In the small, landlocked nation of Lesotho, in southern Africa, the challenges to providing high-quality health care can be as tall as the mountains.
Many of Lesotho’s 2.2 million people live in remote villages that are hours away from the nearest health facility. They take long treks or costly taxi rides to access care, often traveling over steep slopes, across rough terrain and through harsh weather, even snow, in the only country in the world with an elevation entirely above 1,000 meters.
Nonetheless, a sweeping health reform is bringing transformative change across Lesotho. Partners In Health, known locally as Bo-mphato Litsebeletsong Tsa Bophelo, is working with the government to combat some of the world’s highest rates of HIV and tuberculosis, vastly improve maternal and child health, and reshape how care is delivered.
We've worked in Lesotho since 2006, when the government invited us to support its response to the HIV epidemic. One year later, Lesotho’s Ministry of Health and PIH launched a program to bring HIV care to more than 90,000 people served by seven mountain clinics, in the most remote areas of the country. The program has since enrolled thousands of people in long-term HIV treatment.
PIH also is helping the Ministry of Health fight TB. The country’s first national TB program began in 2007 and is based at the PIH-supported Botšabelo Hospital, in the capital city of Maseru. Botšabelo is the country’s only facility for the treatment of multidrug-resistant tuberculosis, a severe strain of TB, and is the hub of a national TB outreach program.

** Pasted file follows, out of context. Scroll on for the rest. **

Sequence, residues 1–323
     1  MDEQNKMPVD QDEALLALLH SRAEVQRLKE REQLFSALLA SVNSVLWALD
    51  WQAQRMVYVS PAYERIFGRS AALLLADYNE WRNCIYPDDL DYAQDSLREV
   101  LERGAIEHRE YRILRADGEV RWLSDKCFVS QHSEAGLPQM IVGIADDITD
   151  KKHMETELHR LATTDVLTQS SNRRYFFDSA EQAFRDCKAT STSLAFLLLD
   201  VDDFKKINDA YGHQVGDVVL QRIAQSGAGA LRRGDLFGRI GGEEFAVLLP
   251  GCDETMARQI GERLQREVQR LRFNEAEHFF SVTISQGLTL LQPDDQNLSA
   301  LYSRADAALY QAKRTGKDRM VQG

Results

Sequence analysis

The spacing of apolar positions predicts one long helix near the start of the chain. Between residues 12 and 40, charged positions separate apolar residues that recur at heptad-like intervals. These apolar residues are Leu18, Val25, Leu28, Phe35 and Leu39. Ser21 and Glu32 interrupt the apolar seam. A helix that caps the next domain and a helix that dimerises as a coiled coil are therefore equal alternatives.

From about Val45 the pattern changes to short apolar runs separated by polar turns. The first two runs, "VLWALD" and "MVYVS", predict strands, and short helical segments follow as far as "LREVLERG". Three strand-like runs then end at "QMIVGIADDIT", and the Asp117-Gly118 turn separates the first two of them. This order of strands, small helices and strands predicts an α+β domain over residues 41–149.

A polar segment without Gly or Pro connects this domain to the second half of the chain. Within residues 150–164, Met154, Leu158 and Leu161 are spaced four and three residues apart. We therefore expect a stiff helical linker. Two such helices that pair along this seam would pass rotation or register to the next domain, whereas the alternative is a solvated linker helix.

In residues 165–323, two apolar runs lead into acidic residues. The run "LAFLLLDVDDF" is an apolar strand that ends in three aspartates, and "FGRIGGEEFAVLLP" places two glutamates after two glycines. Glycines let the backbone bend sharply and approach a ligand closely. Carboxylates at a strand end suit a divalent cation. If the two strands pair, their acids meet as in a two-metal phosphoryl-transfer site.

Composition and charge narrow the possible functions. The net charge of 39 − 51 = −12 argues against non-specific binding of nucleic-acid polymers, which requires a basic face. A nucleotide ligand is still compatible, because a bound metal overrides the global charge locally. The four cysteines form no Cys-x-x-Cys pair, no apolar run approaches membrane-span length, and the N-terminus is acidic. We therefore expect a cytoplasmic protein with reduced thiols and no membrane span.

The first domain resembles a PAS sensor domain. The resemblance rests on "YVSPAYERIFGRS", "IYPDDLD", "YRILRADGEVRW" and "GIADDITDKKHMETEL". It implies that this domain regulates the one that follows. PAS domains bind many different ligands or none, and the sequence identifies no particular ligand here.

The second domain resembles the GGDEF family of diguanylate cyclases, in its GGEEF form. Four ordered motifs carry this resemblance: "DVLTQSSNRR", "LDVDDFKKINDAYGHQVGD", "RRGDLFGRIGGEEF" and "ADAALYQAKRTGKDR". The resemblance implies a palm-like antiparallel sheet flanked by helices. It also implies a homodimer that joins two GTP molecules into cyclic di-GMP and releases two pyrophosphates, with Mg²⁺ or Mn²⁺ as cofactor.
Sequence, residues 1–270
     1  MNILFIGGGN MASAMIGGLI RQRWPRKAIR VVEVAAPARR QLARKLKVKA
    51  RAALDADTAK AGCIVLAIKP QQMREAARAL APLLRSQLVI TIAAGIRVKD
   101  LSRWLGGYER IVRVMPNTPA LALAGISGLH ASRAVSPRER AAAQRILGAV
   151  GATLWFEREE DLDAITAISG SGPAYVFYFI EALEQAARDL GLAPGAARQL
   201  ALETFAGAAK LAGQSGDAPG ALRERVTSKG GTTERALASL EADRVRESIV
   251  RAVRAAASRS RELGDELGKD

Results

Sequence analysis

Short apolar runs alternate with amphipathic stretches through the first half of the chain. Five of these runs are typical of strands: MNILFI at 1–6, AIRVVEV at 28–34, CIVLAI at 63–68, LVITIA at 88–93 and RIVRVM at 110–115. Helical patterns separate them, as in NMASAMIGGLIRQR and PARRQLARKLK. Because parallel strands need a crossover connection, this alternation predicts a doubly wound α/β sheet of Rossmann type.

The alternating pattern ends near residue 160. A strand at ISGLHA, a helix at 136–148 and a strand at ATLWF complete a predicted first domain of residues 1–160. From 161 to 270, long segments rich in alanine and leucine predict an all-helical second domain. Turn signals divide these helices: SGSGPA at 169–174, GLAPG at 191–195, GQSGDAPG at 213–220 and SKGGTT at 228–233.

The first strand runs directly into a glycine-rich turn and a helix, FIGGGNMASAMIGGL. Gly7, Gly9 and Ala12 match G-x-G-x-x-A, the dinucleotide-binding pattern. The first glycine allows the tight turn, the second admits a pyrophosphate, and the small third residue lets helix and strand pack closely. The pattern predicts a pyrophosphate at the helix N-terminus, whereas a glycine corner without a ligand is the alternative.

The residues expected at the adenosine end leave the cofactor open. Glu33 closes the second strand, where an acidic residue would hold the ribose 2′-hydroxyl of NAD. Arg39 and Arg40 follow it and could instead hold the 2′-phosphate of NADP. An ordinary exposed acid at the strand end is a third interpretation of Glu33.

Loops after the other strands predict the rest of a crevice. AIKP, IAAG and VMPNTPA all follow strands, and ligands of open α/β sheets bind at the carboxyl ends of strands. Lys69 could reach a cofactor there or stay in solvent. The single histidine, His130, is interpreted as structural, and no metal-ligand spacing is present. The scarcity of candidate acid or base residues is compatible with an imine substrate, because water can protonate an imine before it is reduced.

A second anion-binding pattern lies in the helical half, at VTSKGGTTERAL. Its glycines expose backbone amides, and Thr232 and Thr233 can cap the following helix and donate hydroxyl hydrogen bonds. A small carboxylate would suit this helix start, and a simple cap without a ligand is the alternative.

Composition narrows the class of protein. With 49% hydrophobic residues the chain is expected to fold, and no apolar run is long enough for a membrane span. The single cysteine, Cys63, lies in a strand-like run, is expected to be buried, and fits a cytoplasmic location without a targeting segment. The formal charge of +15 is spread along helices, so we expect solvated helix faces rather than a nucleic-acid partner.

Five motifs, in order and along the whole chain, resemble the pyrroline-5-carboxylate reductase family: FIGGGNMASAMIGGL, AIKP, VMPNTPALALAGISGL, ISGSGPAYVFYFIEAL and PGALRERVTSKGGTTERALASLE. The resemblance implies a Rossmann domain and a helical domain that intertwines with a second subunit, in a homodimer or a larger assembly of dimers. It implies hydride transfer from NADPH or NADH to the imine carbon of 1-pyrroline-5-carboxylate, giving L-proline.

The multi-year success of the HIV and TB programs helped build a foundation for a comprehensive reform of Lesotho's health system. That reform began in 2014, with PIH as the government’s primary technical advisor. The reform supports more than 70 health centers across four districts, and reaches about 40 percent of Lesotho’s population. Work is underway to scale the reform nationally. A primary focus is maternal and child health, with improvements such as maternal waiting homes at every health center. The waiting homes give expectant mothers a safe place to stay before birth, so they are near care when labor begins. Newborns are then given free checkups, immunizations and care through childhood, to make sure families start healthy and stay healthy.
The foundation of PIH’s work in Lesotho is a vast network of community health workers, who visit families and neighbors in their homes to provide support and access to care. They are vital to PIH’s goal, which is nothing short of making that access universal in this beautiful country known as the Mountain Kingdom.